Desirably, in stretching the film, it is preliminarily heated to a temperature in the range of a mean glass transition temperature (Tg) of the blend polymer composition to Tg +5° C. to Tg+80° C., preferably Tg+10° C. to Tg+20° C. Preferably the film is stretched at of rate of about 5 to 50 centimeters per second (about 2 to 20 in./sec). The stretch ratio is defined as the draw ratio in the x-axis direction to the draw ratio in the y-axis direction. The draw ratio is the final length of the film divided by the original length of the film.

The present invention is illustrated in greater detail by the specific examples presented below. It is to be understood that these examples are illustrative embodiments and are not intended to be limiting of the invention, but rather are to be construed broadly within the scope and content of the appended claims.

In the following examples, tensile strength was determined according to ASTM D882. Elmendorf tear strength in the stretch and non-stretch direction was determined according to ASTM D1922. The percent shrinkage was determined as follows:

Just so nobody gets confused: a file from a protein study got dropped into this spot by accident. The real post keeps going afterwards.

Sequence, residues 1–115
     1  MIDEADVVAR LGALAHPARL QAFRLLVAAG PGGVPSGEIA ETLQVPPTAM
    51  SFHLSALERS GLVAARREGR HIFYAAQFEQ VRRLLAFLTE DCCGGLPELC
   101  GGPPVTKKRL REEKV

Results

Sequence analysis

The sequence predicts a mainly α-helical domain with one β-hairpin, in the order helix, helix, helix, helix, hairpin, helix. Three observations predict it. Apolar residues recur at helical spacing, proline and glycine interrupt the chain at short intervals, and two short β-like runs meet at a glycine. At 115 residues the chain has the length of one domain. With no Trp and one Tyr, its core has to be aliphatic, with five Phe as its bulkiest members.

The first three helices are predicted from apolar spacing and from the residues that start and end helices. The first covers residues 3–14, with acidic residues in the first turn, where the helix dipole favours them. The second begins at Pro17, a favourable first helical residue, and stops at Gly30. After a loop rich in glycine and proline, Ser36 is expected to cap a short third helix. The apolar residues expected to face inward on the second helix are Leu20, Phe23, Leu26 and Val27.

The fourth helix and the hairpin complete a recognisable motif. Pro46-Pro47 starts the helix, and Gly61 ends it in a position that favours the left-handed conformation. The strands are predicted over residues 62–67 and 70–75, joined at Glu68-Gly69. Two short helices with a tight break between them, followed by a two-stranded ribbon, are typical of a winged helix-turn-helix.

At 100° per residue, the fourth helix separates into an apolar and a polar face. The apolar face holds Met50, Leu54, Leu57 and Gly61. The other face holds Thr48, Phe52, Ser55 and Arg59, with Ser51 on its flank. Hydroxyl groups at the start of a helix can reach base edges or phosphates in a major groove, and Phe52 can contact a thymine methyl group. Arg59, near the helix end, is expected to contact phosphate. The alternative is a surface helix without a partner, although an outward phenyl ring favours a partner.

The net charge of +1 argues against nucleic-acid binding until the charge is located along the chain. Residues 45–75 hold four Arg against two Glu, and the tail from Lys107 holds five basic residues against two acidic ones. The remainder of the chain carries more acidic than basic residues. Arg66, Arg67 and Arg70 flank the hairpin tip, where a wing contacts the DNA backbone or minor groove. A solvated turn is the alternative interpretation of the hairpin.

Strips of film were cut in 3.9 inch by 3.9 inch (100 mm×100 mm) squares. These were immersed in a hot oil bath for either 10 seconds or 30 seconds at a given bath temperature and then removed and dried. The percent shrinkage is determined from the equation

% shrink=(Lo−Lf)/Lo

where Lo is the unshrunk length and Lf is the length after shrinkage. The theoretical maximum shrinkage for a given stretch is obtained from